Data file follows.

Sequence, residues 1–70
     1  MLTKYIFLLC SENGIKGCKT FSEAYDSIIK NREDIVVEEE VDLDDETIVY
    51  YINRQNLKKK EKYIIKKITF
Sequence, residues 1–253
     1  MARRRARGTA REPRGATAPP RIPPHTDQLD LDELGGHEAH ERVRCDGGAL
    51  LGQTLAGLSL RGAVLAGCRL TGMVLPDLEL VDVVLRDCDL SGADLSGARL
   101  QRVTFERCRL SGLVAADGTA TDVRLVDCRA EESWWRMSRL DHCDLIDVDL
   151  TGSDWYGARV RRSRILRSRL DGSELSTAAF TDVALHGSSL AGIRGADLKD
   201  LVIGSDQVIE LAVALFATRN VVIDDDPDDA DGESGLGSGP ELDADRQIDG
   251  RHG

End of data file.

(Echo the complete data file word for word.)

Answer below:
Sequence, residues 1–70
     1  MLTKYIFLLC SENGIKGCKT FSEAYDSIIK NREDIVVEEE VDLDDETIVY
    51  YINRQNLKKK EKYIIKKITF
Sequence, residues 1–253
     1  MARRRARGTA REPRGATAPP RIPPHTDQLD LDELGGHEAH ERVRCDGGAL
    51  LGQTLAGLSL RGAVLAGCRL TGMVLPDLEL VDVVLRDCDL SGADLSGARL
   101  QRVTFERCRL SGLVAADGTA TDVRLVDCRA EESWWRMSRL DHCDLIDVDL
   151  TGSDWYGARV RRSRILRSRL DGSELSTAAF TDVALHGSSL AGIRGADLKD
   201  LVIGSDQVIE LAVALFATRN VVIDDDPDDA DGESGLGSGP ELDADRQIDG
   251  RHG